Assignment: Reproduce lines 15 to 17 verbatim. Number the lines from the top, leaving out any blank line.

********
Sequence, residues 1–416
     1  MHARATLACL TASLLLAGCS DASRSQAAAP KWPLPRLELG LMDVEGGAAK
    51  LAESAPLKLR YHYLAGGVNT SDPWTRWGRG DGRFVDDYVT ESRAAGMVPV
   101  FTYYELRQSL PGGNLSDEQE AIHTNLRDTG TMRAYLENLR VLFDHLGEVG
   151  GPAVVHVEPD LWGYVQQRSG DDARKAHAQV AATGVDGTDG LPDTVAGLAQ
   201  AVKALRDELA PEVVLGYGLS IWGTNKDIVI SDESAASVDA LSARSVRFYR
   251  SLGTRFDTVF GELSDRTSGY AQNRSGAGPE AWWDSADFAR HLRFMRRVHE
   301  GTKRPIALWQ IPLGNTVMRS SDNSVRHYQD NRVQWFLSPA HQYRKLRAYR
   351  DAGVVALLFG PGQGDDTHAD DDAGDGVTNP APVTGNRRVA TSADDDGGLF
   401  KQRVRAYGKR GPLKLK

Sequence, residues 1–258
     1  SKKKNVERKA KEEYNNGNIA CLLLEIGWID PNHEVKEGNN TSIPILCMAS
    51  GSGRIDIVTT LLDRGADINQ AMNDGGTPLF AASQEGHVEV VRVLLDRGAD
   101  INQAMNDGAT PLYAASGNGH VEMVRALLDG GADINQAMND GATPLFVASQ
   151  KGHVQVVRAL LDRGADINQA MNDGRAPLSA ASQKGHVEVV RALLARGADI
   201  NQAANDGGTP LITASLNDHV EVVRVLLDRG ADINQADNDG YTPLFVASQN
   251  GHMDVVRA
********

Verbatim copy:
   151  KGHVQVVRAL LDRGADINQA MNDGRAPLSA ASQKGHVEVV RALLARGADI
   201  NQAANDGGTP LITASLNDHV EVVRVLLDRG ADINQADNDG YTPLFVASQN
   251  GHMDVVRA